It is not always efficient or possible to manage risks to zero residual risk or a very low residual risk threshold because of the time, cost and effort that will be required. On the other hand it is also poor management practice to accept risks which create unnecessary exposure for the Institution.
Given the aforementioned dynamics it is important for the Institution to make an informed decision on the amount of risk the Institution is capable of bearing as part of normal management practice. This level of acceptable risk is known as a "tolerated risk or tolerance level" and establishes the benchmark for the Institution's risk tolerance. This differs from risk appetite which is the amount of residual risk that an Institution is willing accept. Risk appetite differs from Institution to Institution and can equally differ in terms of various categories of risk an Institution may face at a point in time.
The aim of defining risk tolerance is to get people to think effectively about risk when they make important decisions. Performance management systems encourage officials to think about targets and rewards for meeting them. However the systems should equally tell officials about the amount of risk the institution can take. In essence, effective risk taking that is aligned to overall Institutional strategy should be a core skill and competency.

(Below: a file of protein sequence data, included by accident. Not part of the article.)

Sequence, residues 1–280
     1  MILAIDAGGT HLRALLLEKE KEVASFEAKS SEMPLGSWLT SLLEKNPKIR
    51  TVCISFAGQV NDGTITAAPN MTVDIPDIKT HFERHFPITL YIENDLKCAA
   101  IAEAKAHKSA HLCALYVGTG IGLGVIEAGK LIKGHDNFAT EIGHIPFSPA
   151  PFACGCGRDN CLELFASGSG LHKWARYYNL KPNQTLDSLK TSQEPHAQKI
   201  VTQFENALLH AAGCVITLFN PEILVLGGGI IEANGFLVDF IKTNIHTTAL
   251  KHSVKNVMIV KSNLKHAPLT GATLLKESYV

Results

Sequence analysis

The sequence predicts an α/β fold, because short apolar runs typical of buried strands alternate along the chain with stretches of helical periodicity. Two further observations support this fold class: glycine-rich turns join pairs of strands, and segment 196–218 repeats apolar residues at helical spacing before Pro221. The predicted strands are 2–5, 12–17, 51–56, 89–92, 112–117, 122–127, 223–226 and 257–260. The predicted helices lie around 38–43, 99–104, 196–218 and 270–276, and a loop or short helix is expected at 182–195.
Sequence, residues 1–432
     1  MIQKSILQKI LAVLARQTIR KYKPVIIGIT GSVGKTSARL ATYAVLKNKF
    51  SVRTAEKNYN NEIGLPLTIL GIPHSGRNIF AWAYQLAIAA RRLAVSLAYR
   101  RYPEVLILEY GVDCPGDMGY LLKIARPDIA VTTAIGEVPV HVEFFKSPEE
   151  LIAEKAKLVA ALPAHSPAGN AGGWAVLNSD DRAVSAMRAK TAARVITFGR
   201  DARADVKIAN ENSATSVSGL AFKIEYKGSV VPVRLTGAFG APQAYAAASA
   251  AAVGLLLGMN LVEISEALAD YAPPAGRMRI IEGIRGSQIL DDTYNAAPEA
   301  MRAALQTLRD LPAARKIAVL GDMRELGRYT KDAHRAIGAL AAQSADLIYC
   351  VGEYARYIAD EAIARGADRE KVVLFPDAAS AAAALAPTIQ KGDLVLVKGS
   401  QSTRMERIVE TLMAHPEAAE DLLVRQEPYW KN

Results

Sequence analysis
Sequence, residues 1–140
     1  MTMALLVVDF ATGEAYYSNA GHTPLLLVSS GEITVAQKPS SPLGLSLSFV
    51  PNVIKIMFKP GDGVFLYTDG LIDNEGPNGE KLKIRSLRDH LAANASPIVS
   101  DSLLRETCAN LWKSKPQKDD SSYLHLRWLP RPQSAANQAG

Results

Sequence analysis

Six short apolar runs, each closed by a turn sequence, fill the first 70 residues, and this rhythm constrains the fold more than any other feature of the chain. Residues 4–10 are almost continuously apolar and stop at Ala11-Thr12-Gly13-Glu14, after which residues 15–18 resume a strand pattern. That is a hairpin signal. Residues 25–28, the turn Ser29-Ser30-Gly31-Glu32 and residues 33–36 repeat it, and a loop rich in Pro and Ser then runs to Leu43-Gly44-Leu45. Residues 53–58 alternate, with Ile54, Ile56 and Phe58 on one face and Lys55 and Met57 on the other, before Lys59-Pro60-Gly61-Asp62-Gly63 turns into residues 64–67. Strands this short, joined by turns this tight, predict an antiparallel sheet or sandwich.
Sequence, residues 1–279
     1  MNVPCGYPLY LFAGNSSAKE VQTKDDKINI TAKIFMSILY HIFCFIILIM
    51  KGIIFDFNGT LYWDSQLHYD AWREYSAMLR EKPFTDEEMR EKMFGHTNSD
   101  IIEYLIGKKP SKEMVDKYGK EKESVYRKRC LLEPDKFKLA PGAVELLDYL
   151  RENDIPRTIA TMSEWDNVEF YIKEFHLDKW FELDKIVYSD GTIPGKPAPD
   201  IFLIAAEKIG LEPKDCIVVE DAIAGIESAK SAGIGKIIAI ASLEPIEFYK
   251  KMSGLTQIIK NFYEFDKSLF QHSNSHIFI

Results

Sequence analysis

Tolerance levels may vary by context and are influenced by the following:
· ability and willingness of the Accounting Officer / Authority to take and manage risks;
· size and type of Institution;
· skills and experience of officials;
· maturity and sophistication of risk management processes and control environments;
· the current level of an Institution’s performance; and
· financial strength of the Institution and its ability to withstand shocks.
An Institution’s risk appetite should be reviewed annually to align it to new circumstances. The risk tolerance levels should also be reviewed annually together with the Institution’s targets and available resources to determine the Institution’s risk bearing capacity.
It is advisable to determine and communicate the level of unexpected losses that the Institution is willing to accept in the event the risk materializes. Zero tolerance risk exposures such as fraud and corruption, regulatory compliance and health safety should be communicated to all officials.
As management decisions are informed by targets being pursued, there should be a mechanism in place that enables tracking of numbers involved to ensure that tolerance guidelines are complied with or applied as specified. This may require management to determine key risk indicators that will be utilised to monitor the risks' occurrence.
There is no "one-size fits all" approach to establishing the right risk tolerance levels. Practices will differ amongst Institutions based on the maturity of the risk management practice, available data, management expertise, sector specific dynamics and other pertinent factors. Thus it is advisable to rather follow certain guiding principle rather than "hard and fast" rules.
The typical steps involved in establishing and implementing risk tolerance are:
· Complete an analysis of the Institution's ability to physically and financially recover from a significant event (e.g. risk such as human influenza pandemic, inability to supply, credit crunch etc).